Selected columns by the St. Petersburg Times writer, syndicated in over 200 papers nationwide, on topics ranging from race relations and individual responsibility, to education, politics, and a civil society.
The Shadow of Selma provides a comprehensive assessment of the 1965 civil rights campaign, the historical memory of the marches, and the continuing relevance of and challenges to the Voting Rights Act. The essays consider Selma not just as a keystone event but, much like Ferguson today, as a transformative place: a supposedly unimportant location that became the focal point of epochal historical events.
Pathways to Complexity synthesizes a wealth of new archaeological data to illuminate the origins of Maya civilization and the rise of Classic Maya culture. In this volume, prominent Maya scholars argue that the development of social, religious, and economic complexity began during the Middle Preclassic period (1000–300 BC), hundreds of years earlier than previously thought.
At Fault is an exhilarating celebration of risk-taking in the work of James Joyce. Esteemed Joyce scholar and teacher Sebastian Knowles takes on the American university system, arguing that the modernist writer offers the antidote to the risk-averse attitudes that are increasingly constraining institutions of higher education today.
Edited by Albert C. Goodyear and Christopher R. Moore
Pub Date: 4/27/2021
Bringing together major archaeological research projects from Virginia to Alabama, this volume explores the rich prehistory of the Southeastern Coastal Plain. Beginning 50,000 years ago, contributors consider how the region’s warm weather, abundant water, and geography have long been optimal for the habitation of people. They highlight demographic changes and cultural connections across this wide span of time and space.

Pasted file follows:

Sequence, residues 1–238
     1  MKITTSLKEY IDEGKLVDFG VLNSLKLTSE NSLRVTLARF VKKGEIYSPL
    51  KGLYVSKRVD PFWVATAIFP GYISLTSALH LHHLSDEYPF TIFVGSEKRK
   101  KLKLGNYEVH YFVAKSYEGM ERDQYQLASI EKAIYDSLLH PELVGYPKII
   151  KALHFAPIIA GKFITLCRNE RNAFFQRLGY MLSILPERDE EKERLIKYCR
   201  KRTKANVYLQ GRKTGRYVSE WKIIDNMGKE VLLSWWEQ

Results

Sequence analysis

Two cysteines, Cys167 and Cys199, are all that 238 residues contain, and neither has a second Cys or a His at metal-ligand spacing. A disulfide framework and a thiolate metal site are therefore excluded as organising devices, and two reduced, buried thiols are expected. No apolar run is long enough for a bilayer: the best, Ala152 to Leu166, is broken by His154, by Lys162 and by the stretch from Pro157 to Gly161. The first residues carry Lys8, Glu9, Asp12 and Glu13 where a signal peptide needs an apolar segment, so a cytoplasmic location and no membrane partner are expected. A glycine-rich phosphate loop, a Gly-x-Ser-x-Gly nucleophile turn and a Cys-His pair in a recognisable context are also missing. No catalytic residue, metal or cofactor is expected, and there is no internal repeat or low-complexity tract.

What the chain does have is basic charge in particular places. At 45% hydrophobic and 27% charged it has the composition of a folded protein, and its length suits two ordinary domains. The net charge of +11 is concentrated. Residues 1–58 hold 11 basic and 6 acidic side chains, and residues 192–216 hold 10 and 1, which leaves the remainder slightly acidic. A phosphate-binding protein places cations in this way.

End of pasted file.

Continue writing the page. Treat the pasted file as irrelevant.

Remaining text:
Encompassing works by Cubans on the island, in exile, and born in America, this volume delves into defining moments in Cuban art across three centuries, offering a kaleidoscopic view of the island’s people, culture, and history.
Reaching from Texas to Florida and featuring a diverse array of voices from the past 100 years, this collection of environmental writing about the Gulf South region enriches how we understand the relationship between people and the rapidly changing ecology of the Gulf.
With a writer’s eye and an explorer’s spirit, Mark Walters travels the state to report on the natural history and current predicament of Florida’s flagship bird, providing a portrait of a species on the brink.